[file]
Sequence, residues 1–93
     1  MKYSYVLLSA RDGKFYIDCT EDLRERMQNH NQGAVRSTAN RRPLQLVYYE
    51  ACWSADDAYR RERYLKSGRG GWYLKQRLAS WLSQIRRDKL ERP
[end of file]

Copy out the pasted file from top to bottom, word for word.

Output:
Sequence, residues 1–93
     1  MKYSYVLLSA RDGKFYIDCT EDLRERMQNH NQGAVRSTAN RRPLQLVYYE
    51  ACWSADDAYR RERYLKSGRG GWYLKQRLAS WLSQIRRDKL ERP